41. Vo CQ, Samuelsen PJ, Sommerseth HL, Wisloff T, Wilsgaard T, Eggen AE. Comparing the sociodemographic characteristics of participants and non-participants in the population-based Tromso Study. BMC Public Health. 2023;23(1):994.

    Article  PubMed  PubMed Central  Google Scholar 

Download references


The authors would like to thank the Tromsø inhabitants who participated in the 7th data collection wave of the Tromsø Study in 2015–2016.


Open access funding provided by UiT The Arctic University of Norway (incl University Hospital of North Norway) JJ and SG acknowledge support from the High North Population Studies at UiT The Arctic University of Norway. AAS and RC acknowledge support from the National Institute for Health and Care Research (NIHR) Newcastle Biomedical Research Centre based at Newcastle upon Tyne, Hospitals NHS Foundation Trust, Cumbria, Northumberland, Tyne and Wear NHS Foundation Trust and Newcastle University. RC also receives support as part of a generous donation made by the McArdle family to Newcastle University for research that will benefit the lives of older people in the UK. The views expressed in this publication are those of the authors and not necessarily those of the National Institute for Health and Care Research, the Department of Health and Social Care or the McArdle family.

Author information

Authors and Affiliations



All authors read and approved the final manuscript. All authors meet the criteria for authorship stated in the Uniform Requirements for Manuscripts Submitted to Biomedical Journals, as follows: Study concept and design: JJ, SG, AAS, RC. Acquisition of data: BHS, SG. Analysis and interpretation of data: JJ, BHS, RC. Drafting of the manuscript: JJ. Critical revision of the manuscript for important intellectual content: JJ, SG, BHS, AAS, RC.

Authors’ Twitter handles

Jonas Johansson: @JonasLJohansson.

Corresponding author

Correspondence to Jonas Johansson.

Ethics declarations

Ethics approval and consent to participate

This study was approved by the Regional Committee for Medical and Health Research Ethics North (ref. 2019/1136) and all participants gave written informed consent.

Consent for publication

Not applicable.

Competing interests

The authors declare that they have no competing interests.

Additional information

Publisher’s Note

Springer Nature remains neutral with regard to jurisdictional claims in published maps and institutional affiliations.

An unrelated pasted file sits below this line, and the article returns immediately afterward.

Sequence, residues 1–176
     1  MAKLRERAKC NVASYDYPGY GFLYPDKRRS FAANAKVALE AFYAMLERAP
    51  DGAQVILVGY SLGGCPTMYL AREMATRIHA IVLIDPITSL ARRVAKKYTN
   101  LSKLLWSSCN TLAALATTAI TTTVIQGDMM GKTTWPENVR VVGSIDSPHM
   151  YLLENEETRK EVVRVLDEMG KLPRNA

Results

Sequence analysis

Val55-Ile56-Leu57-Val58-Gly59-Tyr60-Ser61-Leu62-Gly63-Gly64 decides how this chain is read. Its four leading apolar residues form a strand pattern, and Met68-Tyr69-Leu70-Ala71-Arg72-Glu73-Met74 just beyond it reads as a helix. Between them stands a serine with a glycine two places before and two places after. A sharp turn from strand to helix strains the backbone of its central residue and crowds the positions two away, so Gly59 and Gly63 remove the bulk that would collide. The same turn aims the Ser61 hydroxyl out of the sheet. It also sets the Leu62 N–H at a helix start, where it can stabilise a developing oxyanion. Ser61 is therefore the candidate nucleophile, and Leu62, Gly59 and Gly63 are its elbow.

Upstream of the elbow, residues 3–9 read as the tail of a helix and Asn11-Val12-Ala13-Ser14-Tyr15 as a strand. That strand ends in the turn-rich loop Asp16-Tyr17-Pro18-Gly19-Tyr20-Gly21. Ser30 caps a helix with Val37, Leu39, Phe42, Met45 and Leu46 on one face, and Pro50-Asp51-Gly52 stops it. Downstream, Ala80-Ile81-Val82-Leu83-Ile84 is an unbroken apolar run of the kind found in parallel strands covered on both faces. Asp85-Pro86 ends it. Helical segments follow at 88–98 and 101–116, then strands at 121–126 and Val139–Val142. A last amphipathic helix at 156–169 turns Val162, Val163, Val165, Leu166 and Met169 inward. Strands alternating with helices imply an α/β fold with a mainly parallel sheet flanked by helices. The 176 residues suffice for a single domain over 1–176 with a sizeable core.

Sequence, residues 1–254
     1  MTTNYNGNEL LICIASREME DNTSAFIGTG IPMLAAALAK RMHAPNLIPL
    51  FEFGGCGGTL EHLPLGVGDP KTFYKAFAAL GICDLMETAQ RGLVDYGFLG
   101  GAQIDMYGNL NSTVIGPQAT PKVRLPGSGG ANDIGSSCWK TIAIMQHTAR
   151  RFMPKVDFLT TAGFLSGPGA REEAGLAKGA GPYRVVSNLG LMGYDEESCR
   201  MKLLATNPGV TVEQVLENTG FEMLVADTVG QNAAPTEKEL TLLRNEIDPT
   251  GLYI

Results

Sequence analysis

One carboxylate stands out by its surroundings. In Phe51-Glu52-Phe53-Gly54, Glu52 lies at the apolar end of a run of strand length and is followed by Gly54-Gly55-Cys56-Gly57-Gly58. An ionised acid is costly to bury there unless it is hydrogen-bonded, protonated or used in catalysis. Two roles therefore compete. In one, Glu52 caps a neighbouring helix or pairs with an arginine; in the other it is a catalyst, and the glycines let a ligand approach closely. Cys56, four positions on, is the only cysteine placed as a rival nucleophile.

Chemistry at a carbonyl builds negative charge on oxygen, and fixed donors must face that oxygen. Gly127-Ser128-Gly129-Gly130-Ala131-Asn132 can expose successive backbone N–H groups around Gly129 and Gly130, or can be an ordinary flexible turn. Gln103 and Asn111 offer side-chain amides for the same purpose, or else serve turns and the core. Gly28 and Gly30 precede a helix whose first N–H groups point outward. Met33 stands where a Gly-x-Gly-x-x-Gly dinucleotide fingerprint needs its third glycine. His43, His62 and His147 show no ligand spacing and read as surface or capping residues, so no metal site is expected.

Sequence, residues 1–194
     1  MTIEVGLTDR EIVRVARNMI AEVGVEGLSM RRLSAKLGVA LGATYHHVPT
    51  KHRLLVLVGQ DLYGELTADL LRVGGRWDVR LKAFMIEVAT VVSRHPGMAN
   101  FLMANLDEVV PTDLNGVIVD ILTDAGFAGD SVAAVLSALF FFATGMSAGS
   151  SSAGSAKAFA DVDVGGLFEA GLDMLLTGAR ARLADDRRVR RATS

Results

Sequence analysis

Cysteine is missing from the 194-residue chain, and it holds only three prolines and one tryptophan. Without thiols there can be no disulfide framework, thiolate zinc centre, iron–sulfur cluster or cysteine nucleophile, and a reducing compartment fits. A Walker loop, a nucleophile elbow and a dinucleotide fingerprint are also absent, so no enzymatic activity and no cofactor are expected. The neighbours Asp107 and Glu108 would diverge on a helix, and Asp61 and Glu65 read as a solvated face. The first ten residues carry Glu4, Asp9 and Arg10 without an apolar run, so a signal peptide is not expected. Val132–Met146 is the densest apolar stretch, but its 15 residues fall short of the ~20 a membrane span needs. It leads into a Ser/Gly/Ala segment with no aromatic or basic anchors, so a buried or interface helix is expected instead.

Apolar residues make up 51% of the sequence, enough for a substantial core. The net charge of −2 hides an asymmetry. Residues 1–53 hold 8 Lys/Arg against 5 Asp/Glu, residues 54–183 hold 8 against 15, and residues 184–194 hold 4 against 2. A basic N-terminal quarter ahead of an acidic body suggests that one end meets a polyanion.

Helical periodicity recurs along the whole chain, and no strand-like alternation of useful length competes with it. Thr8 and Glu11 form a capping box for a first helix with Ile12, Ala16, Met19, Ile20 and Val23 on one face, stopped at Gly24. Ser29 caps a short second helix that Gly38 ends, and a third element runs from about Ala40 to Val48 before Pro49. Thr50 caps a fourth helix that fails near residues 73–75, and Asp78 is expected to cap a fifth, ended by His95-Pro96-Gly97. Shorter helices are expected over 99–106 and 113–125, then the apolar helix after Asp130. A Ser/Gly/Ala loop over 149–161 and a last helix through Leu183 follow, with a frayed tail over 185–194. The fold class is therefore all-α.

Supplementary Information

Additional file 1: Tables S1-S3. Table S1 –

Complete case analysis of the study sample in Cox proportional hazard regression models. The Tromsø Study 2015-2020. Table S2 – Sensitivity analysis of Cox proportional hazard regression models excluding deaths occurring during the first two years of follow-up (N = 7772). The Tromsø Study 2015-2020. Table S3 – Sensitivity analysis of Cox proportional hazard regression models investigating associations between EWGSOP2 cutoff points and mortality (N = 7838). The Tromsø Study 2015-2020.

Rights and permissions

Open Access This article is licensed under a Creative Commons Attribution 4.0 International License, which permits use, sharing, adaptation, distribution and reproduction in any medium or format, as long as you give appropriate credit to the original author(s) and the source, provide a link to the Creative Commons licence, and indicate if changes were made. The images or other third party material in this article are included in the article's Creative Commons licence, unless indicated otherwise in a credit line to the material. If material is not included in the article's Creative Commons licence and your intended use is not permitted by statutory regulation or exceeds the permitted use, you will need to obtain permission directly from the copyright holder. To view a copy of this licence, visit The Creative Commons Public Domain Dedication waiver ( applies to the data made available in this article, unless otherwise stated in a credit line to the data.

Reprints and permissions

About this article

Check for updates. Verify currency and authenticity via CrossMark

Cite this article

Johansson, J., Grimsgaard, S., Strand, B.H. et al. Comparing associations of handgrip strength and chair stand performance with all-cause mortality—implications for defining probable sarcopenia: the Tromsø Study 2015–2020. BMC Med 21, 451 (2023).

Download citation

  • Received:

  • Accepted:

  • Published:

  • DOI: